Thirteen filmmakers representing ten films were invited to attend this year’s festival. We bonded as we were pampered at the elegant St. Mary’s Inn for four days. There is no other festival I know of which provides such a nurturing and productive environment for filmmakers, with its non-competitive, collabortive, supportive schedule. In addition to the festival, For the Life of Me was seen at a community screening at the University of Colorado and at a local alternative high school. Its impossible to quantify the impact these events had on audiences and upon us as filmmakers. Almost every filmmaker in attendance had dedicated years to making their films, many mortgaging their homes, and even risking their lives, to tell stories about issues that captured their hearts from around the world. Films covered everything from the ongoing environmental disaster in the Niger Delta, the amazing community of health workers surviving on the Burma border, the injustice of domestic abuse seen through the eyes of women serving life sentences in prison for killing their abusers, to the trial of a civil rights murderer. Having adoption reform included with these weighty world issues was incredible and saying I was humbled to be in attendance with these women doesn’t quite cover it.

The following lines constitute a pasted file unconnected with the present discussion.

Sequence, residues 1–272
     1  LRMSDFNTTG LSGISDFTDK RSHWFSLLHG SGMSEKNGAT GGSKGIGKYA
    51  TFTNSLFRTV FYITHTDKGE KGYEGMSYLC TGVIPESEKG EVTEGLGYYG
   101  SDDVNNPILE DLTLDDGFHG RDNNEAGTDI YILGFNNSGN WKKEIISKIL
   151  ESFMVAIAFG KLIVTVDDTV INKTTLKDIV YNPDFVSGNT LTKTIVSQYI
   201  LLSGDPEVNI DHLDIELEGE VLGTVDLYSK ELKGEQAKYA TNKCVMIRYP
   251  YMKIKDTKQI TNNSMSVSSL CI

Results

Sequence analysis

People ask me what its like to attend a film festival, and each one is different. RMWFF is an experience that’s defined by words like fulfillment, fruition, inspiration and enlightenment, and, well… extended slumber party. My only regret is that it only lasted four days…

Rich Uhrlaub got us an additional screen in Colorado. I kidnapped the mother of one of the RMWFF filmmakers and the two of us sped up to Denver to the Mercury Cafe to one of the most unique screenings I’ve ever attended for any film. Suffice it to say, clinking glasses, credit card machines and cash registers, waiters asking viewers if they wanted a beer, a sunlit screen, and ceiling thumps from Zydeco dancers upstairs (not to mention the catchy Cajun music) did not deter a hardy audience from enjoying the film. The audience included my oldest son’s best pal, Pieter, a South African who drove all the way from Connecticut (okay, so the screening happened to coincide with his cross country trip) to attend the film. Great beer, a great audience, and a marvelous Q&A. Bravo Rich and Jason!

October 2009

Posted on October 11th, 2009
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Yikes. Its freezing in Lubbock! For some reason, I didn’t expect the west plains of Texas to ever be cold, at least not in October. Another presumption bites the dust. Just goes to confirm – you’ve got to experience things before you lock in assumptions about them. 2009 is proof that the Lubbock can be freezing and Seattle can be sizzling hot.